JAMES YEN saw the tragedy of illiteracy among his own
people in France during the first World War, when he was beseiged by Chinese laborers
seeking help in writing to their families at home. Returning to China in 1920, he began a
career dedicated to educating rural people who had no opportunity for schooling and
reeducating the educated to share in this task. Through the years, he labored, sometimes
alone, from one disheartening disappointment to another lesson learned, in his quest for
ways to help farm folk realize their own strengths.
The endeavors he has originated are milestones on the path of coping effectively with
Asia's age-old problems of ignorance, poverty, official abuse and lack of confidence in
themselves among ordinary citizens. The "Ting Hsien Experiment" in North China
was the first of its kind bringing scholars to live and work with the rural people. To
this the wartime and postwar community developments in West China's Szechuan Province were
The Joint Commission on Rural Reconstruction, launched on the mainland of China in 1948
and primarily responsible over the past decade for Taiwan's peaceful and successful rural
revolution, was conceived in large measure by DR. YEN. UNESCO's Fundamental Education
Movement in Southeast Asia has drawn much from his program.
In order that 30 years experience in China might be made helpful to other developing
countries, JAMES YEN, in 1951, joined with friends in the United States to organize the
International Mass Education Movement. After searching through Asia, Africa and Latin
America, he chose the Philippines as a promising site where these lessons could be applied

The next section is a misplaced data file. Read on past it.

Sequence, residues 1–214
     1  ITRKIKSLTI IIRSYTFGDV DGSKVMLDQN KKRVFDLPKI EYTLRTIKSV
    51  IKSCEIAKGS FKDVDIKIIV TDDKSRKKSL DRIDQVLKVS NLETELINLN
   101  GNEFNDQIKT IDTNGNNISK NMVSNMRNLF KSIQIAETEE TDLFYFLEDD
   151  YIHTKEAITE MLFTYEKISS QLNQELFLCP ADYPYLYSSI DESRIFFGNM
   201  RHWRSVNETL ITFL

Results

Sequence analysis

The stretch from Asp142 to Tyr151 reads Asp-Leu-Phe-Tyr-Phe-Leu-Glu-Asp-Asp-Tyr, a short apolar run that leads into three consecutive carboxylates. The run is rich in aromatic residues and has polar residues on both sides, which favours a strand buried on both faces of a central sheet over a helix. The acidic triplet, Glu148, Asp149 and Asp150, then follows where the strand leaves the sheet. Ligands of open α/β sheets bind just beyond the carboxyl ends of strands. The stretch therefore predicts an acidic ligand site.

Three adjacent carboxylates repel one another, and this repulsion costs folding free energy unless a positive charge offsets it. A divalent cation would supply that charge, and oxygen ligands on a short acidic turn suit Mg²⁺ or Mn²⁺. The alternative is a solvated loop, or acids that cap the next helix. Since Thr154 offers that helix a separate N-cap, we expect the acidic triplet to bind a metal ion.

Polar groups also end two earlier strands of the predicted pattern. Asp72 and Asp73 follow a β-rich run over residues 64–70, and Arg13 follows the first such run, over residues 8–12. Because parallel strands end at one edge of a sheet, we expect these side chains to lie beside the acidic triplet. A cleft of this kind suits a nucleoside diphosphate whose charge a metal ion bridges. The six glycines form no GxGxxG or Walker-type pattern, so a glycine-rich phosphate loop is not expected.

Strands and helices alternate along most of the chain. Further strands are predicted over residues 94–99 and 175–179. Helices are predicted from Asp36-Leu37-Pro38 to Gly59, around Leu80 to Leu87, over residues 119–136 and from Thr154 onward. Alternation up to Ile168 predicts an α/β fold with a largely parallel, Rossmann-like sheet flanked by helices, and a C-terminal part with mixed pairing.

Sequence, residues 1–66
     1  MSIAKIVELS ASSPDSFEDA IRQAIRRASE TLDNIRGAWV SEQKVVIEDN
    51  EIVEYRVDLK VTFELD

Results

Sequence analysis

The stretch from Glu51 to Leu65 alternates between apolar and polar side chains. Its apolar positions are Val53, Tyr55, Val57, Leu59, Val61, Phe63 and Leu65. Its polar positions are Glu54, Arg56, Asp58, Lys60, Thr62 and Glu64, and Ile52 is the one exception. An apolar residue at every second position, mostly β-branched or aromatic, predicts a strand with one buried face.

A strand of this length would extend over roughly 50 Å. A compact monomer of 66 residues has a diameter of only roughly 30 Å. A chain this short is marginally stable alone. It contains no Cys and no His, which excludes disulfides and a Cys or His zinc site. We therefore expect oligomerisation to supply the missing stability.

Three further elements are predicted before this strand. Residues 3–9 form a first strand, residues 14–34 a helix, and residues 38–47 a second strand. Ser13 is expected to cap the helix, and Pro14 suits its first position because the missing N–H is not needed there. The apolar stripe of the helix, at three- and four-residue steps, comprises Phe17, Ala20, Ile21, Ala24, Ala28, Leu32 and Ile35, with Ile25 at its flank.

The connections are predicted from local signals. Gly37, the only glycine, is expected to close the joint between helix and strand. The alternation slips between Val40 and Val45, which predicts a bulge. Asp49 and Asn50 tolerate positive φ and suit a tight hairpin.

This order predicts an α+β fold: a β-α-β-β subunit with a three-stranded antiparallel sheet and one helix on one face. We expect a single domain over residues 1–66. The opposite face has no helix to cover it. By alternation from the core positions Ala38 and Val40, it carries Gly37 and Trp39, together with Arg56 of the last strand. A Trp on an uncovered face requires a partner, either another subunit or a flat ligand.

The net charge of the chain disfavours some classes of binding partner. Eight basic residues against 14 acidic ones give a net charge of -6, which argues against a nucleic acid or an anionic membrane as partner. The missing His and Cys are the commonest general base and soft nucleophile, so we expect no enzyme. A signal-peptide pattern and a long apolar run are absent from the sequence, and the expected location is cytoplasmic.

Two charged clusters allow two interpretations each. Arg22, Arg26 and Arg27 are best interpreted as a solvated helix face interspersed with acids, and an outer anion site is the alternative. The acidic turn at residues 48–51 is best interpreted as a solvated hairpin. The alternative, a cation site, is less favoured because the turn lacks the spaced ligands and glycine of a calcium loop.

and an international center established to train rural leaders who would carry forward
this pioneering work. A result is the Philippine Rural Reconstruction Movement which has
begun to make a positive impression on life in the barrios it has reached.
Stimulated in part by this private effort, the Presidential Assistant on Community
Development, World Neighbors and other groups now are seeking to bring needed change to
the rural areas.
DR. YEN's lifetime devotion to the cause he chose and the extraordinary talents cultivated
in furtherance of this effort give expression to the ideals and spirit of service
exemplified by Ramon Magsaysay. Born into a family of scholars, he has remained humble and
at ease with the simplest of those whose lot he has sought to improve. These qualities
have been translated into renewed faith and purpose by many who have worked with him.
At all levels, from chiefs of state to legislators, government administrators,
businessmen, field workers, and village people, JAMES YEN has spread the seeds of his mass
education ideas to Asian countries. He has become a citizen of the world, who, by his
works, gives substance to the dream that one day men everywhere may freely enjoy security,
equal opportunity and a sense of international brotherhood.
In electing Y. C. JAMES YEN to the 1960 Ramon Magsaysay Award for International
Understanding, the Board of Trustees recognizes his sharing of experience and creative
leadership in rural reconstruction and his bringing to East and West an awareness of the
urgency for meeting the aspirations of the Asian farmer for a fuller life.
The Award Foundation particularly commends Dr. YEN's continuing concern for the whole man
and molding his social institutions, rather than simply refashioning the physical